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LATAM Airlines Group sticks to 2015 capacity targets as Latin America's economy remains shaky

Pressures from depreciating currency and general macroeconomic weakness that LATAM Airlines Group faced throughout 2014 show no signs of abating in 2015 as the economies in some of its largest markets remain on shaky ground.

But despite those challenges, LATAM does see some opportunities to strengthen its network in 2015, reflected in its unchanged capacity forecast of 2% to 4% expansion with flat growth in the Brazilian domestic market. Even with its sustained capacity discipline in Brazil, LATAM is making a new push from Brasilia in 2015 to leverage smaller regional markets that could help improve its overall performance in Brazil’s domestic market.

LATAM also plans to grow its long-haul international capacity as some North American and European airlines have slowed capacity growth, which is a positive development for LATAM as it continues working to mitigate some of the weakness within South America.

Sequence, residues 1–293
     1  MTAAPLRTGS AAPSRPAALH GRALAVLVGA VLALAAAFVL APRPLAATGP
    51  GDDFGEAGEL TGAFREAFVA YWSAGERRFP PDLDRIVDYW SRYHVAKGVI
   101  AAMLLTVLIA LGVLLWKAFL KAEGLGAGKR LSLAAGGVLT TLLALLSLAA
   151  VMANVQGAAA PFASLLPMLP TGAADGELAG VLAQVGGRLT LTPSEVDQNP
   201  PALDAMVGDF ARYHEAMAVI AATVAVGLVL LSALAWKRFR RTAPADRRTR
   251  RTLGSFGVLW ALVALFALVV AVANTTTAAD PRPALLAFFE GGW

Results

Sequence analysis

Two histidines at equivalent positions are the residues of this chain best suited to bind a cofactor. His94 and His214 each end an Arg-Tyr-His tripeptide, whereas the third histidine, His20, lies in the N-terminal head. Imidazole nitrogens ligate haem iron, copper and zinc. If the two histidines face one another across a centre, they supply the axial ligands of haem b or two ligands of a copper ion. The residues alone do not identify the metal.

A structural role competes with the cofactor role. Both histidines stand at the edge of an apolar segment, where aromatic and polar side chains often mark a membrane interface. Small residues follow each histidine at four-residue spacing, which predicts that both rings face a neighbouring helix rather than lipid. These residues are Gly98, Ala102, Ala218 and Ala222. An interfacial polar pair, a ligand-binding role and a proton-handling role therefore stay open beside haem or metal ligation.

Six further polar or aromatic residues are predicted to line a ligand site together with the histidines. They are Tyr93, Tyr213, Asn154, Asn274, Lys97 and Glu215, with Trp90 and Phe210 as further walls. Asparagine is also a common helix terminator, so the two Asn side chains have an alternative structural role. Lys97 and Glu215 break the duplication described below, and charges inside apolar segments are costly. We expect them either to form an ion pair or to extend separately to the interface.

LATAM maintains loads at the expense of yields in most markets, including Brazil

LATAM Airline Group plans flat capacity growth within the Brazilian domestic market during 2015 after recording a 1.5% decline in 2014 based on data from ANAC. Brazil’s two largest airlines TAM and Gol have cut capacity during the last couple of years as the country’s weaker economy has created some pressure on demand and pricing. Total capacity in Brazil’s domestic market increased by only about 1% in 2014 while traffic grew by almost 6%.

See related report: TAM to slash domestic capacity in 2013 in an attempt to rationalise the Brazilian market

During 4Q2014 LATAM’s unit revenues in Brazil fell 13.5% year-on-year, but loads increased 2ppt to 83% on ASK growth of 2.7%. The airline is obviously attempting to maintain strong loads as pricing traction in Brazil is tough given the decline in corporate demand driven by the country’s weak economic conditions. Brazil’s GDP growth is forecasted at 1.4% in 2015 after inching up just 0.3% in 2014. Those numbers pale to the 7.5% economic growth the country recorded in 2010.

LATAM also faced currency pressure from the devaluation of the BRL against the USD throughout 2014. During 4Q2014 the BRL depreciated nearly 13% against the USD. BRL accounts for about 30% of its total revenues.